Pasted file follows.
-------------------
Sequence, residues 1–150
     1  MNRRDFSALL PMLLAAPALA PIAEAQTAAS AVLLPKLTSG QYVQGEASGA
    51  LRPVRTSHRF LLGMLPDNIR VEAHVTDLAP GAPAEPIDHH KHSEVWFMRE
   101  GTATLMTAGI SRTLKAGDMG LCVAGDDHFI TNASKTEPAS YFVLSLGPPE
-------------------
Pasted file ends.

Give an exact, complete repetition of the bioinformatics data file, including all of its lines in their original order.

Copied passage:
Sequence, residues 1–150
     1  MNRRDFSALL PMLLAAPALA PIAEAQTAAS AVLLPKLTSG QYVQGEASGA
    51  LRPVRTSHRF LLGMLPDNIR VEAHVTDLAP GAPAEPIDHH KHSEVWFMRE
   101  GTATLMTAGI SRTLKAGDMG LCVAGDDHFI TNASKTEPAS YFVLSLGPPE